Faculty in the Departments of Pharmacy Practice and Science (PPS) and Pharmaceutical Health Services Research (PHSR) at the University of Maryland School of Pharmacy have received a multi-year, $150,000 grant from the Cardinal Health Foundation’s E3 Grant Program to help improve health outcomes for high-risk patients, while reducing health care costs.
The grant — which targets patients with chronic illnesses and a history of frequent hospital readmissions — will support a new School of Pharmacy initiative titled “Patient-Activated Medication Safety (PAMS),” which will offer patients a personalized, interprofessional intervention following their discharge from the hospital.
This one-on-one engagement with patients and their family members will encourage proactive medication safety measures to help patients maintain or improve their health and reduce patients’ need for costly hospital readmissions. The School of Pharmacy is one of 13 organizations nationwide — and the only school of pharmacy — to receive this multi-year grant from the Cardinal Health Foundation and will join other grantees in a learning collaborative facilitated by the Alliance for Integrated Medication Management (AIMM). The collaborative is designed to help the organizations share their learning and more quickly implement evidence-based practices.
“Since 2008, the Cardinal Health Foundation has invested $8.6 million in hundreds of health care organizations through the E3 Grant Program,” says Dianne Radigan, vice president of Community Relations at Cardinal Health. “We support a wide array of patient safety work, but the focus is always on accelerating the rate of change with two goals: improved patient outcomes and reduced health care costs. On behalf of Cardinal Health, we are pleased to support the work of the School of Pharmacy on this important initiative.”
Transitions in care refers to patients’ movement through the health care system as their condition and care needs change. Examples include patients leaving the emergency department to return home or being transferred from an inpatient unit to a skilled nursing facility. During these transitions, patients are often prescribed new medications or have existing medications modified, placing them — particularly those who are taking multiple medications — at risk for experiencing an adverse drug event such as an accidental overdose or allergic reaction.
“Taking steps to ensure medication safety for patients with chronic conditions, particularly during transitions in care, impacts not only the health of the patient, but also the health system, insurers, and the community,” says Magaly Rodriguez de Bittner, PharmD, FAPhA, professor in PPS and associate dean for clinical services and practice transformation at the School, who will lead clinical implementation for the grant. “Our pharmacists are excited to help guide patients and their families as part of this unique experience to become collaborators in their health care with nurse practitioners, social workers, legal professionals, other pharmacists, and hospital staff.”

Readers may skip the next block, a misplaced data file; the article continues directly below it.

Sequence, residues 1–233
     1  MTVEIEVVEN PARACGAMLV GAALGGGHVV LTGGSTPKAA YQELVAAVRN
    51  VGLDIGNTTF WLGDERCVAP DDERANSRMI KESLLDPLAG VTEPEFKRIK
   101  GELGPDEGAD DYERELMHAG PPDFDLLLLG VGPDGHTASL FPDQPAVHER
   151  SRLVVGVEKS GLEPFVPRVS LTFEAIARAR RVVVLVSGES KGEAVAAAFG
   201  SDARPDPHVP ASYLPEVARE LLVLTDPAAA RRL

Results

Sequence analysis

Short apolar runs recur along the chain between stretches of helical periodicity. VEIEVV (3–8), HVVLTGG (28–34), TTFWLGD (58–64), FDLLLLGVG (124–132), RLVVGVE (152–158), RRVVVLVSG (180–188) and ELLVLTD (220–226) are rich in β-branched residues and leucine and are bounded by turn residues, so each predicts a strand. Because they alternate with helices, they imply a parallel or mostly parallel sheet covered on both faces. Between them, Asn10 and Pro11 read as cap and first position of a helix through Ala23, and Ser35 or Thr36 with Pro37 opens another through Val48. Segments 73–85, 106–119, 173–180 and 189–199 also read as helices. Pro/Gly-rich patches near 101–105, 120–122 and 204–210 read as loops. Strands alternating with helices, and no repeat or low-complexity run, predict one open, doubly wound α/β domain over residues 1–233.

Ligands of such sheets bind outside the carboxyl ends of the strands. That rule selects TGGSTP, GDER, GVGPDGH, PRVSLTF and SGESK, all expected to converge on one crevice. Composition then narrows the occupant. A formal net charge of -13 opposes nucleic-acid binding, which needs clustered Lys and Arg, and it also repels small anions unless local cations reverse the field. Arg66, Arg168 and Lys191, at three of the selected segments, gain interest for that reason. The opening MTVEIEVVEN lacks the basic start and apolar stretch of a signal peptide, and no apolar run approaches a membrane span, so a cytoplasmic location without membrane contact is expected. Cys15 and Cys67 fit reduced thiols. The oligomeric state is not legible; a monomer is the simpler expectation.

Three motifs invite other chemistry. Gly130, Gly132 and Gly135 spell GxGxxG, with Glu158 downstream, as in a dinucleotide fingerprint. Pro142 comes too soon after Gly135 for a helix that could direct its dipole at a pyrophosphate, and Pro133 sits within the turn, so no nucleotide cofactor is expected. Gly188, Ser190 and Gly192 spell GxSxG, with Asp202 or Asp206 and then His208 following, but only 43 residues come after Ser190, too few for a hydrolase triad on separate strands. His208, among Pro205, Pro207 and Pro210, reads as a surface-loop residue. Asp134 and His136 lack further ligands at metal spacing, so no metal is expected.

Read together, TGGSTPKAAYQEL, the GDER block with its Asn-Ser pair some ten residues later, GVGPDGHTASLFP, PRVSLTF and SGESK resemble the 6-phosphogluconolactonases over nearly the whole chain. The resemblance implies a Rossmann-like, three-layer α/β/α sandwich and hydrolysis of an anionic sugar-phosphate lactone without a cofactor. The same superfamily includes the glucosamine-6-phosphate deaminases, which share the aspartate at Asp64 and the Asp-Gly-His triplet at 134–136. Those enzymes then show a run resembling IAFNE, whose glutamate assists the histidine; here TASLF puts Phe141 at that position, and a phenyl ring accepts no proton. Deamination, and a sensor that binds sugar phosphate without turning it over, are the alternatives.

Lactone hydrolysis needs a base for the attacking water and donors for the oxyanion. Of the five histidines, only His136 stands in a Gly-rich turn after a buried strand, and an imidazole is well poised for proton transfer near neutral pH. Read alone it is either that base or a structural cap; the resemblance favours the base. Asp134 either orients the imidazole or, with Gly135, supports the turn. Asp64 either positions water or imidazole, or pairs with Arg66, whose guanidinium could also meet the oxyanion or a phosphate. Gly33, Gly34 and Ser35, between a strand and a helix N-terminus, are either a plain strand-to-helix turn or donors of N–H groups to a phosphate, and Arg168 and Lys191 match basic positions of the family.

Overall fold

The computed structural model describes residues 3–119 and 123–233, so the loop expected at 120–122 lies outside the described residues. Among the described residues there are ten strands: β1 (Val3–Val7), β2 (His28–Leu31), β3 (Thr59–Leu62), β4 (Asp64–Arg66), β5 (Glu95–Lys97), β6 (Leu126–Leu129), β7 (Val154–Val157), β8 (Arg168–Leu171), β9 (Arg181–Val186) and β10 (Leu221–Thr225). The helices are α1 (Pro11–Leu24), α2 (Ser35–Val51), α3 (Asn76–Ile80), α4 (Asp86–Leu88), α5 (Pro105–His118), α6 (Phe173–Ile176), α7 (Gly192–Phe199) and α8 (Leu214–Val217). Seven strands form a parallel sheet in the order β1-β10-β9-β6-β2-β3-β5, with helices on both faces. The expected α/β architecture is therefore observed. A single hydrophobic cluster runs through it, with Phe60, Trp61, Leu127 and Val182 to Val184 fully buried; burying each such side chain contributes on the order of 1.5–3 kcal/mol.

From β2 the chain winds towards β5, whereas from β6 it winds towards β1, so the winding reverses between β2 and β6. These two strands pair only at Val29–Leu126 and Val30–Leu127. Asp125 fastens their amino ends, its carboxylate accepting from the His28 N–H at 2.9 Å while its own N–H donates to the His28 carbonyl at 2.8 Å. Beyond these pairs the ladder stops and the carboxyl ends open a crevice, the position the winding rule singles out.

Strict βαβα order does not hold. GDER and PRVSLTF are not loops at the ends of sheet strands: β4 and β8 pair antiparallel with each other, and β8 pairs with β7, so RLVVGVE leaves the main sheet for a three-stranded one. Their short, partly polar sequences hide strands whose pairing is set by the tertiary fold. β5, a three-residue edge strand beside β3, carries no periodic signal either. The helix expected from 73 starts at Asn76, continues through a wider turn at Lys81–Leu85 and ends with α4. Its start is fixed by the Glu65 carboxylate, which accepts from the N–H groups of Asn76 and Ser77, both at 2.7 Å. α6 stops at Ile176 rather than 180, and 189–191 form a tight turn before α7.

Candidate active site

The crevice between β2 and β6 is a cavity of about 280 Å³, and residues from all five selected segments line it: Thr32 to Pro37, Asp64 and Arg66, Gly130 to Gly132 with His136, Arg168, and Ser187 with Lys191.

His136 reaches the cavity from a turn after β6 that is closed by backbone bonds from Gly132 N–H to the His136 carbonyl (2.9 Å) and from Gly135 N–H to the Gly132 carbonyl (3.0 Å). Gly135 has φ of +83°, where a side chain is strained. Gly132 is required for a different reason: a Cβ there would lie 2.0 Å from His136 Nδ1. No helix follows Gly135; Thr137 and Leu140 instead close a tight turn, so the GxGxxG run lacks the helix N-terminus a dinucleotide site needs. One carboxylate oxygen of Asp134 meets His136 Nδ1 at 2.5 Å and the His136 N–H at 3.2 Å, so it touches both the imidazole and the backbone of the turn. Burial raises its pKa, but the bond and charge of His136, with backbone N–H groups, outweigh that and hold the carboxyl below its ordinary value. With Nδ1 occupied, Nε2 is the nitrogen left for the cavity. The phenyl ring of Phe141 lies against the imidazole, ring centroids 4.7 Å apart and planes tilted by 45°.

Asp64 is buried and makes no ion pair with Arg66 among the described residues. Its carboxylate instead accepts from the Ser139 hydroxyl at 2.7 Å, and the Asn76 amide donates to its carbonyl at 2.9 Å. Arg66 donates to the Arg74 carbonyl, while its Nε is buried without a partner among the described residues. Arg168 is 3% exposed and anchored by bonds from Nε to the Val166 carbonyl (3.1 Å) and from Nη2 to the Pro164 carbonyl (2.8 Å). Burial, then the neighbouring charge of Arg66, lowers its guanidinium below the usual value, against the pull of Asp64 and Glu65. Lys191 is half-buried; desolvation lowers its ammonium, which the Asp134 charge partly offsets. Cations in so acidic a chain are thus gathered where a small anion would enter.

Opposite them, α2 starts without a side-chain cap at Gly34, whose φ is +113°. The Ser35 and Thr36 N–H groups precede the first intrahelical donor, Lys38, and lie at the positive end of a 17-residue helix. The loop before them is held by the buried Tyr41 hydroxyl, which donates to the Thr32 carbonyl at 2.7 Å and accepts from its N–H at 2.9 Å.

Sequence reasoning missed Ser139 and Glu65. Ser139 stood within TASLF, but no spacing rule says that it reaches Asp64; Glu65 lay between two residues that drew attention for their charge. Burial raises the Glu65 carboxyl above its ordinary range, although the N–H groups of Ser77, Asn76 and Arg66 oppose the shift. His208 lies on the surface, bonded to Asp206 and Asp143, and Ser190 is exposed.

The launch of this study builds on research conducted by Ebere Onukwugha, MS, PhD, associate professor in PHSR, which showed that patients can provide actionable input that health care professionals can use to design patient-centered transitional care plans following their discharge from the hospital. Onukwugha will lead data collection and evaluation for the grant. “We want our patients to actively participate in developing discharge plans that support safe medication use and improved outcomes. We also estimate that the savings from reduced hospital readmissions and hospital stays will exceed $1 million over the three-year grant period,” she says.
To help reduce hospital readmissions and encourage patients to take an active role in their health care, the School will offer PAMS to high-risk Medicare/Medicaid patients with chronic illnesses discharged from Prince George’s Hospital Center. PAMS is an adaptation of the School of Pharmacy’s Maryland P3 Program, a pharmacist-delivered comprehensive medication management program for patients with chronic diseases. Following the P3 model, pharmacists and other members of the health care team will work with patients after discharge to develop a customized care plan that incorporates patient preferences for follow-up care, such as an in-person visit to the clinic or speaking with a pharmacist online using telehealth technologies.
The services will be offered through an interprofessional clinic housed on the hospital’s campus with support from the School of Pharmacy’s e-Health Center, which will provide telephonic and telehealth services to patients. “Patients participating in PAMS will become active collaborators in their care, expressing their preferences for the type of visit and services that will work best for their unique circumstances. This initiative not only reinforces the importance of the patient and family as key partners in care, but also provides a renewed appreciation of the value that medications, when used appropriately, can have in promoting positive patient outcomes,” says Rodriguez de Bittner.
Patient services supported by the grant are expected to begin in Spring 2017.